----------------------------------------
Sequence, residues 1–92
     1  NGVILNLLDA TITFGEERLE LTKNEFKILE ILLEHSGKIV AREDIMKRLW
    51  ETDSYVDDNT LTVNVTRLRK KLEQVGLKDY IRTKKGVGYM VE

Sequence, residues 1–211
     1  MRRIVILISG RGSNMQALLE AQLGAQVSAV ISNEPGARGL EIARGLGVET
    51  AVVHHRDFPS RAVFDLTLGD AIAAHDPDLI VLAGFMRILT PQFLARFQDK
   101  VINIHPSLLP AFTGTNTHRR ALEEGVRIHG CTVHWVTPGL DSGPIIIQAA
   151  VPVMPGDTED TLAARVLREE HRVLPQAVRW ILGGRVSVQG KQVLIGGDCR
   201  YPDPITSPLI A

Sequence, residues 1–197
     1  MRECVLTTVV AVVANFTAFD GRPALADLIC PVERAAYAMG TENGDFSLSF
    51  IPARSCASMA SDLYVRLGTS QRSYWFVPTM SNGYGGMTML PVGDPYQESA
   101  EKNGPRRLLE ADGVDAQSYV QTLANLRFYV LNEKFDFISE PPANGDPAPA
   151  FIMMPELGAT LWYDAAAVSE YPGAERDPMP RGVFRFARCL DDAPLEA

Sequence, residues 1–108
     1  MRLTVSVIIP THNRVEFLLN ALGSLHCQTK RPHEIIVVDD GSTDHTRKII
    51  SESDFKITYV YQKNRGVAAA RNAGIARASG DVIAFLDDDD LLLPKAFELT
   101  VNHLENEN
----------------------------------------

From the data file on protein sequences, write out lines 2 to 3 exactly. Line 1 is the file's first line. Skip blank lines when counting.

     1  NGVILNLLDA TITFGEERLE LTKNEFKILE ILLEHSGKIV AREDIMKRLW
    51  ETDSYVDDNT LTVNVTRLRK KLEQVGLKDY IRTKKGVGYM VE